Saturday, May 24, 2014

Kaiju Kavalcade #21: GODZILLA VS. SPACEGODZILLA (1994)

Welcome to KAIJU KAVALCADE, wherein the effervescent Travis Kirkland and myself will be revisiting every single Kaiju Klassik by Toho Studios starring Godzilla, most famous of all giant monsters, in the run-up to the release of Gareth Edwards’ upcoming new take on the big G-dude! Your humble servant is but a novice in all things giant monsters, whereas Travis has been a fan all of his life. This is reflected in our respective titles for the series: if you follow it on Travis’ blog Proton Media, KAIJU KAVALCADE will seem like the knock-off Raymond Burr version of MEMORIES OF MONSTER ISLAND!


Everything in the Heisei era is bigger, faster, more hardcore than in the Showa era. So it stands to reason that they’d stop putting in the effort quicker than in the Showa days. It took ‘em 13 years and 8 movies to turn into half-assed kiddie matinee programmers last time, now they did it in 10 years and 6 movies! GODZILLA VS. SPACEGODZILLA sees the arrival of, well, SpaceGodzilla in his crystal ship to fuck shit up on Earth as monsters are wont to do. SG is the result of one of Godzilla’s cells going through a black hole, coming out a white one, and absorbing some sort of crystalline organic structures along the way. I feel like I’ve also described a Godzilla porn parody here.

Anyways, meanwhile on BIRTH ISLAND (couple leagues closer to shore than Infant Island, I guess?) one sergeant Yuki is being a weird mountain man survivalist who wants to kill Godzilla for stomping on his friend Major Gondo, whom you may remember for being the awesome dude from GODZILLA VS. BIOLLANTE who shot a fucking rocket into G’s mouth. Gondo’s sister, professor Gondo, from G-Force Command desires no such vengeance, however, but wishes rather to use our favorite floppy-eared psychic Miki Saegusa to control Godzilla’s mind. This movie’s the most prominent Miki’s been since her introduction in BIOLLANTE but unfortunately she hasn’t really grown a personality in the intervening years. Too much work as director of the psychic institute, I guess! Good on her for that.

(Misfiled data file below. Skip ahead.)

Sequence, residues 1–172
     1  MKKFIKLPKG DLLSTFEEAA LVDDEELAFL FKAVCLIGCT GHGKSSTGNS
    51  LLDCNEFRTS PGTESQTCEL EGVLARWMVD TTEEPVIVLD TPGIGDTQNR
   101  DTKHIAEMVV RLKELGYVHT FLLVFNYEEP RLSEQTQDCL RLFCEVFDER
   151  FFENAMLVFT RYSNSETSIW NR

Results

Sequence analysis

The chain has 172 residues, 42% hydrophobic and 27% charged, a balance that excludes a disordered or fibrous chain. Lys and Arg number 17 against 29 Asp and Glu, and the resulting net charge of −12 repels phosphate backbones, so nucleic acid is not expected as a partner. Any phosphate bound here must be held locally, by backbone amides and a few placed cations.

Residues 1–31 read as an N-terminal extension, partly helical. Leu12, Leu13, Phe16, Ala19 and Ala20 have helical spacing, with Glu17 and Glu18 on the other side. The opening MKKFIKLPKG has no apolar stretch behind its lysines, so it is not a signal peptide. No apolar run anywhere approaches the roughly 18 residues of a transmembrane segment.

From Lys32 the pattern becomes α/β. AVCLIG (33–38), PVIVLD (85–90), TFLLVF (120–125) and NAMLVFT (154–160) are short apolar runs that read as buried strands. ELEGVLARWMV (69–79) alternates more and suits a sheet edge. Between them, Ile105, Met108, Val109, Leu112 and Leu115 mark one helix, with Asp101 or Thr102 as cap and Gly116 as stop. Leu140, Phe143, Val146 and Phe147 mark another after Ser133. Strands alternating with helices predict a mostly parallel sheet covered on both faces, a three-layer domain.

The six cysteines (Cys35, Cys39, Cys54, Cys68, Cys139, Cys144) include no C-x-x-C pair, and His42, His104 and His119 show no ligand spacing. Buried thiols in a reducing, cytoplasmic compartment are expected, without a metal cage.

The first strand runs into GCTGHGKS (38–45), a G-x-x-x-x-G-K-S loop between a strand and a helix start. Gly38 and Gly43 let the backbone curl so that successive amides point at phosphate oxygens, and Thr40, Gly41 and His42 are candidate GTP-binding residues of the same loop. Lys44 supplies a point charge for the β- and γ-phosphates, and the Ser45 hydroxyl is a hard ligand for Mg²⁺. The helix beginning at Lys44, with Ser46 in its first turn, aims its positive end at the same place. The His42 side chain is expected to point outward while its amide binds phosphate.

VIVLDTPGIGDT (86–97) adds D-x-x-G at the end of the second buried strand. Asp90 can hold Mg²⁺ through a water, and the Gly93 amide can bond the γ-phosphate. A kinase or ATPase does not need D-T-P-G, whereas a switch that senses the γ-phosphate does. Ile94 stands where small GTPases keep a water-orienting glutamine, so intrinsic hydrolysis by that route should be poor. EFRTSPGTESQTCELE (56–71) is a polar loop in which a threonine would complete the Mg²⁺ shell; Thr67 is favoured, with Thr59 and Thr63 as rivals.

In the meantime, there’s also MOGERA, a highly strained acronym mole robot who is built because the government funds just weren’t there for a second MechaGodzilla. Thank goodness, I say! Keep it fresh and exciting, don’t repeat monsters in subsequent movies. Well, I’ll allow the repetition of Baby, who is slightly grown up now (Godzilla knee-height!) and appears to have a good bond with his adoptive daddy. It’s a shame they didn’t go even more Showa with these two, showing Godzilla’s “study nut” side and having them play/learn together. Yes, I am a huge Minilla mark, Travis! How about you?


It’s odd because the adopted offspring of Godzilla should be obvious points of derision, yet you can’t help but find’ em lovable! Baby in particular looks like a hybrid of Toho and Sanrio, ready to be slapped on lunchboxes and T-shirts alongside Hello Kitty. I think our acceptance lies in our primal response to parent/child relationships in wild animals. Yeah, realistically we’re watching adult men in monster suits hugging, but the suit actors find a nice balance between natural beast behavior and the slight humanist touches that we recognize in our own families. After all, whether they be dogs or cats or kaiju, it’s always cute to see Papa take care of his kid.

Not so cute is Spacegodzilla, decked out with giant crystals sticking out his back and extra pointy teeth. We’ve already compared the weaponized Gigan to the overwrought drawings of Rob Liefeld, and to continue the comic book comparisons, SG screams 90S XTREME GOJIIIIIIIRRRRAAAAAHHHHH right outta Image Comics. It’s an interesting idea/callback to have Godzilla cells stranded in space to form a new monster, but SG is just a ridiculous update of ol’ G. Speaking of monster updates, viewers probably don’t even realize that this is MOGERA’s second film appearance, having made his debut way back in the 1950s sci-fi flick THE MYSTERIANS. Much like Mechagodzilla, he was originally an evil alien-controlled robot in his first movie before rebooting as a G-force weapon in the Heisei series. Not much of a personality, but it’s cool to see him split off into two weapons.